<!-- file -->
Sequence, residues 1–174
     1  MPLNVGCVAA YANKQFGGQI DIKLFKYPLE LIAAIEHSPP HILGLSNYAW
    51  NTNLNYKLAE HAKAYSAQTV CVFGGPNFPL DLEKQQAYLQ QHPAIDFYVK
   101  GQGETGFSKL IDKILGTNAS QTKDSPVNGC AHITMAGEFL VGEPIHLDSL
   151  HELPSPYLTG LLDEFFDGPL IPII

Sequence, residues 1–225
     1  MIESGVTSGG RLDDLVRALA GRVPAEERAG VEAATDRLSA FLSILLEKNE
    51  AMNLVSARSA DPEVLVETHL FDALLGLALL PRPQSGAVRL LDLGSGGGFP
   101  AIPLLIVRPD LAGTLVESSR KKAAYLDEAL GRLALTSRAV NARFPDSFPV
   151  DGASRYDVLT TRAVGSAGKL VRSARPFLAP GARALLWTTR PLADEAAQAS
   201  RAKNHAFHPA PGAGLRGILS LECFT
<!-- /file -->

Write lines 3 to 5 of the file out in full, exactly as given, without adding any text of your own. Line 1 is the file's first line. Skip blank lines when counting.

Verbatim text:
    51  NTNLNYKLAE HAKAYSAQTV CVFGGPNFPL DLEKQQAYLQ QHPAIDFYVK
   101  GQGETGFSKL IDKILGTNAS QTKDSPVNGC AHITMAGEFL VGEPIHLDSL
   151  HELPSPYLTG LLDEFFDGPL IPII